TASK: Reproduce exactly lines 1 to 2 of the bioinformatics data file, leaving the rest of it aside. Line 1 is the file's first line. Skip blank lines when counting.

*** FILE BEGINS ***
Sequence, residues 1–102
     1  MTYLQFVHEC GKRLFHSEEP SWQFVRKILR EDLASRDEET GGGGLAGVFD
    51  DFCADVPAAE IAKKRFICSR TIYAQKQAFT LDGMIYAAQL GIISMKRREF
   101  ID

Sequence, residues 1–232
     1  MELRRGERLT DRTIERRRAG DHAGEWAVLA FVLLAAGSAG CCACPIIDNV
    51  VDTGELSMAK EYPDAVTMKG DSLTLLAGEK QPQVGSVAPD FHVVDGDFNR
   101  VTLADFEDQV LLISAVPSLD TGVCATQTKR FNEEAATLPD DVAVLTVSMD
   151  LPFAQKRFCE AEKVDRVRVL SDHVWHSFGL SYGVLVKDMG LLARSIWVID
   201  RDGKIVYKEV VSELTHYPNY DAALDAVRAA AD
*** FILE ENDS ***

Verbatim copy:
Sequence, residues 1–102
     1  MTYLQFVHEC GKRLFHSEEP SWQFVRKILR EDLASRDEET GGGGLAGVFD